A first result of this thesis is the building and validation of a circulation reactor named BCC (Biomineralization Control Cell). The reactor has the functionality of a biological reactor and allows a monitoring of physico-chemical characteristics such as Eh, pH, electrical conductivity, spectrophotochemical parameters. It also has a capability of percolation through rock cores. It is a first step toward an analogical modeling of interactions between injected CO2 and deep biospheric components. Moreover, a new spectrophotochemical method for monitoring reduced sulfur species has been developed wich allows efficient monitoring of sulfate-reducing metabolisms. In the thesis, we have tested four metabolisms relevant to biomineralisation or biological assimilation of CO2: a reference ureolytic aerobic strain, Bacillus pasteurii, a sulfate-reducing bacterium, Desulfovibrio longus, a sulfate-reducing consortium (DVcons) and an homoacetogenic bacterium, Acetobacterium carbinolicum.
In the case of B. pasteurii, which is considered as a model for non photosynthetic prokaryotic carbonate biomineralization, we have demonstrated that the biological basification and carbonate biomineralization processes can be modelled acurately both analogically and numerically under conditions relevant to deep CO2storage, using a synthetic saline groundwater. We have shown that salinity has a positive effect on CO2 mineral trapping by this bacterium; we have measured the limits of the system in terms of CO2 pressure and we have shown that the carbonates that nucleate on intracellular calcium phosphates have specific carbon isotope signatures.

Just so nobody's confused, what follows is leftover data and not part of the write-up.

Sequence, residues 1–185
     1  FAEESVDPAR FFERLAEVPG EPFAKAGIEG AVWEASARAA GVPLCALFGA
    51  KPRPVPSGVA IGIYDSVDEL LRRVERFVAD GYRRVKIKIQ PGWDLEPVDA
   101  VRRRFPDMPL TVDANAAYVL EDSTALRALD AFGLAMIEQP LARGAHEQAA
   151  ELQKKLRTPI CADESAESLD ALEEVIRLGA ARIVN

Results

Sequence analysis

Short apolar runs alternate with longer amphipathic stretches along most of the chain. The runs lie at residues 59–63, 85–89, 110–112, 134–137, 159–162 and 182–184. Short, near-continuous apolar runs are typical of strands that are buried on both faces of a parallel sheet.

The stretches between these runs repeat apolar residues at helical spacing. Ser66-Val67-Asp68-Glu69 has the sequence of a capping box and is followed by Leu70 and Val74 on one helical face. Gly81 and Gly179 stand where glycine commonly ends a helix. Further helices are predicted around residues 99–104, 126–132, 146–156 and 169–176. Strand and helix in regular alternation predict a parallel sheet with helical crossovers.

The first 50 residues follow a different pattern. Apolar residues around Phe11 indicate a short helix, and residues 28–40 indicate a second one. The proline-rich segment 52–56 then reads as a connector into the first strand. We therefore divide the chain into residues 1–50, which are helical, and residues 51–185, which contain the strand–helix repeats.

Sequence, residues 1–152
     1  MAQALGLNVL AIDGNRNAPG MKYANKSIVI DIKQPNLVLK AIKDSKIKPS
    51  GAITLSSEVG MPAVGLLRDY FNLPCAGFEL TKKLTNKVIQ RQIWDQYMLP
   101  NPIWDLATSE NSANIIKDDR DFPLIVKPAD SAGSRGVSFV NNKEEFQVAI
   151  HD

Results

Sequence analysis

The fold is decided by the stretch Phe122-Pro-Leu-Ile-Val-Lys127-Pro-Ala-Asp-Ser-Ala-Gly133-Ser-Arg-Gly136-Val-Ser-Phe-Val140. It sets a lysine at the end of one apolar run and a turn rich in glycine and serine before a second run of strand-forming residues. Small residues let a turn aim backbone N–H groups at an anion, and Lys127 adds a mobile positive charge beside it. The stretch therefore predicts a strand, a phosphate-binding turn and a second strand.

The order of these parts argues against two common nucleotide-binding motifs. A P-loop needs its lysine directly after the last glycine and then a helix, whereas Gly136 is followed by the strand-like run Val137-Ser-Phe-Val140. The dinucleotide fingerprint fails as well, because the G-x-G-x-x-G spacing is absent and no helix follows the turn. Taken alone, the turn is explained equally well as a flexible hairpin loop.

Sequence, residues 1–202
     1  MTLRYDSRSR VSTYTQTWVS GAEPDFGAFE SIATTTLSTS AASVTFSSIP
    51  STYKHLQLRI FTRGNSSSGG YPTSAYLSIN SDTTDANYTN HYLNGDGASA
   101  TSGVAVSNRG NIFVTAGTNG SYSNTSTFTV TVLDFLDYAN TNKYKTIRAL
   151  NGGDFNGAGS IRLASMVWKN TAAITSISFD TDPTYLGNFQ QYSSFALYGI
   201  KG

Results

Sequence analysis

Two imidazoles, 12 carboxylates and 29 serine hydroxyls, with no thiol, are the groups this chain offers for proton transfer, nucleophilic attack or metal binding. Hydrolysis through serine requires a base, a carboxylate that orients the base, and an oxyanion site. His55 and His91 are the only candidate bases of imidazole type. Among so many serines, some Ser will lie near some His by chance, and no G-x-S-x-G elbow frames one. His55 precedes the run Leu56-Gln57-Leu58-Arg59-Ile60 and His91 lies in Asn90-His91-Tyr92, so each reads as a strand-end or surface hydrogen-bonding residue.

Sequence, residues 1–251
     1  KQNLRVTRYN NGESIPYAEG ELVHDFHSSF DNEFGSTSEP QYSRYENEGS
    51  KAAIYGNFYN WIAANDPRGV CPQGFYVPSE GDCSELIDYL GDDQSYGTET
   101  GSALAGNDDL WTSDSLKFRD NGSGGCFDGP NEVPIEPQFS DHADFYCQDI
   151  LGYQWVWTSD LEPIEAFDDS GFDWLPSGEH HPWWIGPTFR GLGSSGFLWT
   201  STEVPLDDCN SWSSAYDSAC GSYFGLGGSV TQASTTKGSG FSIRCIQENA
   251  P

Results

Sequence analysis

The studied deep-subsurface strains (D. longus and A. carbinolicum) as well as the sulfate-reducing consortium also have capabilities of converting CO2 into solid carbonates, much less efficent though than in the case of B. pasteurii. However, once inoculated in synthetic saline groundwater and subjected to an H2/CO2 gas flow, A. carbinolicum and the sulfate-reducing consortium show important capabilities of CO2 biological assimilation either as cellular biomass or as extra-cellular polymeric substances. These experiments also demonstrated the strong capabilites of H2 absorption by these bacterial systems, allowing a good quantitative measurement of this phenomenon in future studies about the fate of H2 in the subsurface.